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A deceptive image about how beautiful we thought Irkutsk was going to be.
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The baggage carousel at the high class Irkutsk Airport

The next day you can bet we were there at 9 and we found the saint of an immigration woman who would eventually help us. Despite this positive note, there was a fair share of setbacks. First off we couldn’t understand her, but luckily she spoke French so we were on our way. We explained what happened and we told her about the 3 day extension, and after she debated with her collogues for a bit, she convinced them that it would be ok to issue a new visa to us!! This was not exactly ligit as we were about to find out, but basically she persuaded the immigration folk, and a friend of hers at the labour immigration office to allow us to get a employment visa. So we first had to get to this office, which was in a hard to get to part of town for the Mongolian citizens to use. Here we were allowed to cut ahead of a lot of the lines and begin the process. This is obviously a jazzed up version of the true hell we had to go through, but eventually we persuaded the visa lady as well to issue the visa; upon payment of 300 rubles (12 USD). No problem!! Except we needed to find a single bank in the whole city which proved to be very difficult. Before we found it we must have gone to at least twenty banks, and even had two people on the street turned their back to us when we asked for directions. Nevertheless we did find the bank, but after going to through several teller lines, we inferred (after being yelled at in Russian) that there were two government accounts. So Michael ran for 45 minutes across town with a Russian note to ask the immigration office which account we needed. Finally after returning Michael saw Monique sitting on the curb of the bank after she had been kicked out for a break. Once it opened and we paid the money, we ran to the immigration office to only discover that it too was closed from 1 to 1:45. 2 O’clock, 2:30, 2:40 they finally came back, a hour late and processed the visa.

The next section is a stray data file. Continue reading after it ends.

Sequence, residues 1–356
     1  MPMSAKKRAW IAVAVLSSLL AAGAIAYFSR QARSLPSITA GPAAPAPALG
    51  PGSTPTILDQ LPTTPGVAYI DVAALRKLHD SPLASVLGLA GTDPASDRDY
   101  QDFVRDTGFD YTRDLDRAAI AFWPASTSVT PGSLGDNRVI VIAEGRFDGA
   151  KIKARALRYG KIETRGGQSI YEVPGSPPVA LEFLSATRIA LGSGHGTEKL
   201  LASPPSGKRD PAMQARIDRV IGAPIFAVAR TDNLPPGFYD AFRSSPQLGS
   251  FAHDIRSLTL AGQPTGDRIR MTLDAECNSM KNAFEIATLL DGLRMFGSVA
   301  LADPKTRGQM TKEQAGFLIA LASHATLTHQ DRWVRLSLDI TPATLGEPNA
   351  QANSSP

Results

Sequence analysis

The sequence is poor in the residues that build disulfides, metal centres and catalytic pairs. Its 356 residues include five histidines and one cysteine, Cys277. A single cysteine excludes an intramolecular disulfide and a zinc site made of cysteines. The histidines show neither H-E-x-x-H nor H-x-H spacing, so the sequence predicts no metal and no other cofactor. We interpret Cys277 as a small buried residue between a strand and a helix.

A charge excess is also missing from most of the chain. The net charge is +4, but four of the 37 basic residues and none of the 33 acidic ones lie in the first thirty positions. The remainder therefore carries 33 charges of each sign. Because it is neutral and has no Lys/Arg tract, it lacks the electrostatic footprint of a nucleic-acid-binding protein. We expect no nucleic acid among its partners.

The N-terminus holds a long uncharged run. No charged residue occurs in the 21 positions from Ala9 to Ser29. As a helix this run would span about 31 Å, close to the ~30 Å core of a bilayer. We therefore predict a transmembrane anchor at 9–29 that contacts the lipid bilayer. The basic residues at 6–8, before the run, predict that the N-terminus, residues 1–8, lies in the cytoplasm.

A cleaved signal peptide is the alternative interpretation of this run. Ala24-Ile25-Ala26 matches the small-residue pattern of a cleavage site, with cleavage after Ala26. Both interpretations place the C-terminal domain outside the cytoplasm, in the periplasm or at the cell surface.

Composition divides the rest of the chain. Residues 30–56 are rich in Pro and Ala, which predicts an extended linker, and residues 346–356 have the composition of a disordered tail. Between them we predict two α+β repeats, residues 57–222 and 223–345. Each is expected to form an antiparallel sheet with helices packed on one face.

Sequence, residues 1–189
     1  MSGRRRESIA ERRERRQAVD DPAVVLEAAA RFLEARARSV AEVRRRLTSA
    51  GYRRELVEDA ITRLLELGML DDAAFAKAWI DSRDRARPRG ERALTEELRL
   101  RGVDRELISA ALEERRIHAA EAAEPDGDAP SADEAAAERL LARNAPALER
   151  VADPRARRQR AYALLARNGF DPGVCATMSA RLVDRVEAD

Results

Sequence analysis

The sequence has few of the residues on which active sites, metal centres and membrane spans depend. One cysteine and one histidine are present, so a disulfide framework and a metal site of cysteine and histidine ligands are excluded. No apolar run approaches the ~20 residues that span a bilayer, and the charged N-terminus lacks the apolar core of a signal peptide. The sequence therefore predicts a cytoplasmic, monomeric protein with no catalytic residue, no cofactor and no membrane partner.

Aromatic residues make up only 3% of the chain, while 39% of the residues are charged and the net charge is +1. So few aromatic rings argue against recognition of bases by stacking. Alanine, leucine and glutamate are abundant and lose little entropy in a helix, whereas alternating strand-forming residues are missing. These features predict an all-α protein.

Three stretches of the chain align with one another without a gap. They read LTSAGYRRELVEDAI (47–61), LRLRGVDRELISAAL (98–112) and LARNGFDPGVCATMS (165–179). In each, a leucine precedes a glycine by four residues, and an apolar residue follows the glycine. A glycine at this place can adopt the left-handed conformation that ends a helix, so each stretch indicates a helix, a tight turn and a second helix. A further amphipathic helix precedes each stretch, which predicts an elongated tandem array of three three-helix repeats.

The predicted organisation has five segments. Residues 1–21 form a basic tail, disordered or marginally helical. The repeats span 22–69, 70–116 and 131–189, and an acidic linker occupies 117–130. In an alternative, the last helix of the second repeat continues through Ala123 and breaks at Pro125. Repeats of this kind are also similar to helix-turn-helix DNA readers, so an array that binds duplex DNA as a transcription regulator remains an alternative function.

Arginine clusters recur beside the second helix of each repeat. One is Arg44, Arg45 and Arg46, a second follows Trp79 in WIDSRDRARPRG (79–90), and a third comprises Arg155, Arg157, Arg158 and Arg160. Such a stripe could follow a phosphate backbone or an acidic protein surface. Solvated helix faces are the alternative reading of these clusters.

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The now beautiful immigration building that gave us our ticket to freedom